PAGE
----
The 6 Ways YOU Can Help Your Kid Get More Playing Time

 In Education, Instruction, Stories

By Garrett Gordon


Youth Parents, This Article is for YOU

In my years as a private instructor, travel ball coach and even as a player, “politics” in sports is something that is unavoidable. Although this is a part of most teams, is this really why your child isn’t getting the playing time they and you think they deserve? We hear it from parents a lot here at Baseball Rebellion that their child isn’t playing because of “politics” on the team. Well, today you’re going to learn ways to help your child break the barrier and get themselves on the field. Here are some reasons why your child isn’t playing and ways that they can improve that.

Realize “Daddy Ball” Happens

Most travel ball teams are coached by volunteer dads who have minimal playing experience or none at all. These parents give

up their free time to help manage the team when they play and practice and should be appreciated no matter what. Sometimes it’s obvious that the kids of these parent coaches are playing at the most sought out positions and bat in the middle or top of the line-up. Does this mean that they are the best and deserve to play there? No it doesn’t, but if they are the coach’s kid, chances are they are still going to get those spots!  

At the end of the day, every single parent is biased towards their kid and they want the best for them. Volunteer coaches who have players on the team will most likely be the same way. Therefore the comments such as “that kid only play shortstop because his dad is the coach” are completely irrelevant. These comments are not helpful and shouldn’t be said around your kid because they’ll hear it and soak it in.

Be Realistic

As I have said before, every parent is biased towards their kid and that’s a natural feeling to have. But at some point, you have to ask yourself a tough question – compared to the best players on your team or players they play against, how good of a player is your kid? When they are challenged, do they succeed and compete with the best of the best? Or do they continually fail and make no adjustments at all?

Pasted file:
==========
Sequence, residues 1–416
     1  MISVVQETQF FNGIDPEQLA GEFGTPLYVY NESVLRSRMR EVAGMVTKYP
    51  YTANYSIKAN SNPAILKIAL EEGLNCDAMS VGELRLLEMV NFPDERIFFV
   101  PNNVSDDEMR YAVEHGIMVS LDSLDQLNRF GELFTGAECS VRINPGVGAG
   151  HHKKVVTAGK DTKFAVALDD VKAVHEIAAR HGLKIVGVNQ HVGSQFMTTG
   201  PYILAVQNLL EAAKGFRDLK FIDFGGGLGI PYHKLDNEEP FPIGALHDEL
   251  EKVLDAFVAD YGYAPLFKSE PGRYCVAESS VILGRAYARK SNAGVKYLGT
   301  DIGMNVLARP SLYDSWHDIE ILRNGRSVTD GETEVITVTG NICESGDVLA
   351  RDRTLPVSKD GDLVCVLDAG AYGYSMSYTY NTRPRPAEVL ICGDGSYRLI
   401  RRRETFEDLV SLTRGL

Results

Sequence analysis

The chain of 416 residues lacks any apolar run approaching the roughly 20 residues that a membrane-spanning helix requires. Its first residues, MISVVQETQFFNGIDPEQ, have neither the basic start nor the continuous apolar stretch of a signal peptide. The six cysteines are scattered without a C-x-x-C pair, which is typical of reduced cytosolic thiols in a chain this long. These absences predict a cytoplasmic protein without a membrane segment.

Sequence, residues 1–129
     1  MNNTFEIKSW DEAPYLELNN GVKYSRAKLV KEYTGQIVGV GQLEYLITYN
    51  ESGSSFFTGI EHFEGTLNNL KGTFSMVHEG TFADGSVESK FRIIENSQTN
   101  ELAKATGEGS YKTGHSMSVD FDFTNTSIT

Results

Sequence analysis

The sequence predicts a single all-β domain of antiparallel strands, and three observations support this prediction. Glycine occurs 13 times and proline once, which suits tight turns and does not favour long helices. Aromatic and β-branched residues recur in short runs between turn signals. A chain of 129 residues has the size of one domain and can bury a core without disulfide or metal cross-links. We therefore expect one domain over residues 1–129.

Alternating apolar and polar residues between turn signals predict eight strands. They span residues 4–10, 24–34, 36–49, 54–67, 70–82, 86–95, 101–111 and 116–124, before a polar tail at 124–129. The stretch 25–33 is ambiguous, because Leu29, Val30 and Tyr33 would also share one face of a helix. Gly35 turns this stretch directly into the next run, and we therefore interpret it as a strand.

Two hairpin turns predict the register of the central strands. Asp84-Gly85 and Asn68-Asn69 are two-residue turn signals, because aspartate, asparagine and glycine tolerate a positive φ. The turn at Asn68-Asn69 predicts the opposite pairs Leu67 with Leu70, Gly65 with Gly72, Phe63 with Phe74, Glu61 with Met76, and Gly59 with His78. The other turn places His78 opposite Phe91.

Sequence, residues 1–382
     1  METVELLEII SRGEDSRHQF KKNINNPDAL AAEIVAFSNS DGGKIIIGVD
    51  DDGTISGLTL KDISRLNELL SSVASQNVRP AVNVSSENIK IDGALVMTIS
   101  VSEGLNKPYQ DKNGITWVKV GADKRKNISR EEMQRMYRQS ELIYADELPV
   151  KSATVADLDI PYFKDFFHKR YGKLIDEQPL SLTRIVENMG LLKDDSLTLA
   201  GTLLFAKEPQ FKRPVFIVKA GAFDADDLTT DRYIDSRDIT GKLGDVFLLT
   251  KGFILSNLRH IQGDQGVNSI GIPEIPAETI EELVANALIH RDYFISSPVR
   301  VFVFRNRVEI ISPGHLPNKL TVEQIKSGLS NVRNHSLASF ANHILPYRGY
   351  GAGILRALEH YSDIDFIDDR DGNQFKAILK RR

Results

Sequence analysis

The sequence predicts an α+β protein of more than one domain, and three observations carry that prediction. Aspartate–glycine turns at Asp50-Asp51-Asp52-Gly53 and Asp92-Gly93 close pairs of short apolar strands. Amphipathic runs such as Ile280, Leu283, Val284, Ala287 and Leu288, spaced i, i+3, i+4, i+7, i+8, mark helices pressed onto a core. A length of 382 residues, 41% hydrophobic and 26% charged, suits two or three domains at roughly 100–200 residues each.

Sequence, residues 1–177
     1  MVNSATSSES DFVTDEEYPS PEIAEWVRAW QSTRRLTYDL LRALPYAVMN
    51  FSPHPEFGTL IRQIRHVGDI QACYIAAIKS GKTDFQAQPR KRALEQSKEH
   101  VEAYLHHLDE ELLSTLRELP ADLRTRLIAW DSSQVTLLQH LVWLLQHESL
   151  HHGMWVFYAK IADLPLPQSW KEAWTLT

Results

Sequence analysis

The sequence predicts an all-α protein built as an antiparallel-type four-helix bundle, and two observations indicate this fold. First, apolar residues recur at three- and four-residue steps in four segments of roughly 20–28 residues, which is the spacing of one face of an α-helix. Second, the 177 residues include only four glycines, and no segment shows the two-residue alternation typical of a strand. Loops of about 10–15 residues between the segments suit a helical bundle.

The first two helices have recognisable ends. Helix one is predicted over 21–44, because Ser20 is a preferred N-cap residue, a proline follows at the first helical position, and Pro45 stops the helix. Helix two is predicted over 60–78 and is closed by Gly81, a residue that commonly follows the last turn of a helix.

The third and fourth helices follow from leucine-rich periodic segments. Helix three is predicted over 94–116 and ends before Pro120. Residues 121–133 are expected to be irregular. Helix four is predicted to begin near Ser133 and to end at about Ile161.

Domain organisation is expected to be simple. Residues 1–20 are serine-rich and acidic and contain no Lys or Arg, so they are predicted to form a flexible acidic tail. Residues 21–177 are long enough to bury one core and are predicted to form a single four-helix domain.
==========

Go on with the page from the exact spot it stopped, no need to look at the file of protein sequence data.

If you want your kid to become the best they can be, you can’t always look at them as “your child”. Instead, look at their performance from a coach’s perspective who is trying to win games. If your kid doesn’t perform at the plate, makes errors on the base paths and in the field, what makes you think they deserve to be in the line-up? As your kid gets older, playing time will not be equal, it will not be fair, and it will be based strictly on performance. Are you and your kid ready to handle this realization? 

Go Lift, Go Train

Baseball is one of the most dynamic sports out there. Any baseball player who wants to take the game seriously has to train diligently for it, they can’t just show up on game day thinking that they’re going to do well if haven’t done any work! 

Each player’s value is determined by five tools: 

  1. Hitting for Average
  2. Hitting for Power
  3. Arm Strength
  4. Fielding
  5. Speed

Be honest and identify what needs to be worked on. If your child is small and weak, his parents (you) are on the smaller side, he’s probably going to be small his whole life. Get a trainer and start lifting some weights. If your player can’t hit water if you fell out of a boat, get some hitting lessons. If they can’t throw strikes, and want to be a pitcher, get pitching lessons. Bottom line is that there are ways to get better and there are ways to get stronger. You either go out and find ways to get better, or someone else will, and that someone will be the one who is playing in the game.

Hit or Sit: Being Accountable for Playing Time

No coach has EVER not put a kid in the lineup because they had too many hits. Whether it’s hitting for average, power or a mix of both those who hit in the games will stay in the line-up.  Now that doesn’t mean you can just forget about fielding and 

running the bases. Making errors in the field and on the base paths is a one-way ticket to the bench, just saying.